When you hear that a hurricane is headed in your direction your biggest concern will probably be putting up your shutters, and if you encounter a wasp nest in the shutter-track while doing this then knowing how to deal with it may come in handy. Your safest option is to have an exterminator remove the nests for you; unfortunately, some people don’t have time to put up their shutters until right before the storm hits and the unsafe weather conditions might prevent your exterminator from being able to help. For a temporary solution, homeowners can use an over-the-counter pesticide spray to eliminate the wasps that are in their way. The safest way to do this is to start by covering yourself with clothes, like jeans and jackets and goggles, then from a distance spray the nest, and once all the wasps are dead finish the task by using a long stick or pole to knock the nest down.
If you are concerned about rodents and cockroaches, prevention is your best bet. Experts in extermination recommend implementing exclusionary methods before the storm hits to most effectively steer clear of any future hurricane-related pest problems. Specifically, stop pests entering your home by sealing all windows with screens and keeping all doors and garages closed before and during the hurricane, only opening them when necessary.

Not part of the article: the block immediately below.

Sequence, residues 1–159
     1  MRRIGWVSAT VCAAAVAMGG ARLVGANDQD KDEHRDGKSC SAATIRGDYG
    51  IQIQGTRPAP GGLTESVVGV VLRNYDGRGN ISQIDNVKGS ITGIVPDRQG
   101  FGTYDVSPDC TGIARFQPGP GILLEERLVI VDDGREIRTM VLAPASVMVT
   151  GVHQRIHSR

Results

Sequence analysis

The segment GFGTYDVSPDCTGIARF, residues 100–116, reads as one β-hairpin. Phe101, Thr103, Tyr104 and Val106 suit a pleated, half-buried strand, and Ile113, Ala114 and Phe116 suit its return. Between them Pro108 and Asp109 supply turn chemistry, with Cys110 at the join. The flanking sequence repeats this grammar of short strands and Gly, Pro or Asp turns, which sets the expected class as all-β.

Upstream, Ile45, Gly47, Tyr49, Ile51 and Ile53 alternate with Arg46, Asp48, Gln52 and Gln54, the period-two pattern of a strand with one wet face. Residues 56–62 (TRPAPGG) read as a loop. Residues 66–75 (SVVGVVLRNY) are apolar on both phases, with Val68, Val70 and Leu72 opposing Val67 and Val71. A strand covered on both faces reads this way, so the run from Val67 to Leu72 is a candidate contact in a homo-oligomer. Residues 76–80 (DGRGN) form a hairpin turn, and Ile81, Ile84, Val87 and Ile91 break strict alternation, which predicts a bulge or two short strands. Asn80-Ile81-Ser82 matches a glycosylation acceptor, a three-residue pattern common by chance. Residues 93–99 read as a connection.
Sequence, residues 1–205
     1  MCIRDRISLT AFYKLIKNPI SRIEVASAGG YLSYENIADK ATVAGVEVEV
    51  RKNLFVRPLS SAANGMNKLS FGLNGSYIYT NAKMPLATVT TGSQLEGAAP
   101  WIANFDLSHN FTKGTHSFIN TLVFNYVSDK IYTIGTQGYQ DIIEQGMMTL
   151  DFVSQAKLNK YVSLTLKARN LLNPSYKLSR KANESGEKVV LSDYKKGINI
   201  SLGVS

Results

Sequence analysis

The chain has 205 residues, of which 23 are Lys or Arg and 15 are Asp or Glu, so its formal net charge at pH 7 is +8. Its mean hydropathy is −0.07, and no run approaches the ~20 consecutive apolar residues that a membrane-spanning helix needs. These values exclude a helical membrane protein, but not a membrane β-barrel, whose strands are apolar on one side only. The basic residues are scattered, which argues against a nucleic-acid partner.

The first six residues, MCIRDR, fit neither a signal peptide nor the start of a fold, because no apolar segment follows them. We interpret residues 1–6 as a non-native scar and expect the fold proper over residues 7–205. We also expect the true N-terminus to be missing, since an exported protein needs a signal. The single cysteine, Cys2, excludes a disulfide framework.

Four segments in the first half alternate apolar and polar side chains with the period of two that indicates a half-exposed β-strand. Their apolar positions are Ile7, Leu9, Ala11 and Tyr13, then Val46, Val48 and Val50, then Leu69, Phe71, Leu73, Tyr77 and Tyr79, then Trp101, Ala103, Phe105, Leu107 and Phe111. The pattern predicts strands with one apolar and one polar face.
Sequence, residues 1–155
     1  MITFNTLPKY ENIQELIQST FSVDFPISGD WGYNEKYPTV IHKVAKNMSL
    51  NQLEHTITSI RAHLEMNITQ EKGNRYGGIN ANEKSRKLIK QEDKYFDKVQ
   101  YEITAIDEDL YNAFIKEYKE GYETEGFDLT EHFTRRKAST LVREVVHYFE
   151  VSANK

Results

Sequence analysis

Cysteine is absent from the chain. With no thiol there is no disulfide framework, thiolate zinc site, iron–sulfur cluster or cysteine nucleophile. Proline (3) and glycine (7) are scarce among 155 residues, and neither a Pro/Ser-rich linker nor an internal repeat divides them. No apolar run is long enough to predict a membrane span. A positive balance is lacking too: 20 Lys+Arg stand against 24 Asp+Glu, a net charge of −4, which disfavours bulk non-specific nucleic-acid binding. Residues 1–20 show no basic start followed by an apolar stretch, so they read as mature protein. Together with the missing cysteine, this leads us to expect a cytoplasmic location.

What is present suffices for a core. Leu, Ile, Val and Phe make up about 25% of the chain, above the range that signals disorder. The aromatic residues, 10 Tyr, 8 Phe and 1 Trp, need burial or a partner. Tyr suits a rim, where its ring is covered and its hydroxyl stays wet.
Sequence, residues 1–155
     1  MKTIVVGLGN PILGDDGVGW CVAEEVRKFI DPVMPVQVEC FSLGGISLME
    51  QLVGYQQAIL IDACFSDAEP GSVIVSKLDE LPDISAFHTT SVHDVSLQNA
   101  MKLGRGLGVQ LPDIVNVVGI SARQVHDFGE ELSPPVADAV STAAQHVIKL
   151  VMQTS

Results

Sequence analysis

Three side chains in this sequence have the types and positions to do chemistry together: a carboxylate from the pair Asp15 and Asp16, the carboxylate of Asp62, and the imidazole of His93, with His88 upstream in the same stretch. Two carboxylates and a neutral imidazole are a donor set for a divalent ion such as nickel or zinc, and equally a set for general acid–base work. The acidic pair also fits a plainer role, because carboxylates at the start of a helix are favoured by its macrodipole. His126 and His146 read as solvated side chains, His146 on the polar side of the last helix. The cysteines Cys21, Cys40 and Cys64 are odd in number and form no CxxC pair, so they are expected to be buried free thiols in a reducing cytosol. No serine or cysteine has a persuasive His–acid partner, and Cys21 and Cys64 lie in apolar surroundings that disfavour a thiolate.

When it comes to snakes and hurricane debris that they may hide in, the best thing that you can do is prevent build up by removing any debris that is in your yard prior to the storm. This includes tree trimmings, fallen leaves or palm fronds, stacks of firewood, etc.
Approach with Caution Afterwards
After the storm, the most important thing that to remember is “Approach with Caution.” Once the hurricane is over, most pest control experts agree that tackling the piles of debris is a pertinent and time-sensitive task because the longer that the hurricane debris remains untouched, the more likely it is for snakes to find it and use it for a hiding place. Keep your family and pets safe by getting rid of hurricane debris sooner rather than later, and even then snakes might already be hiding in it so approach with caution. You can check first by jostling the debris with a long gardening tool. If you do find a snake in the debris, call animal control immediately.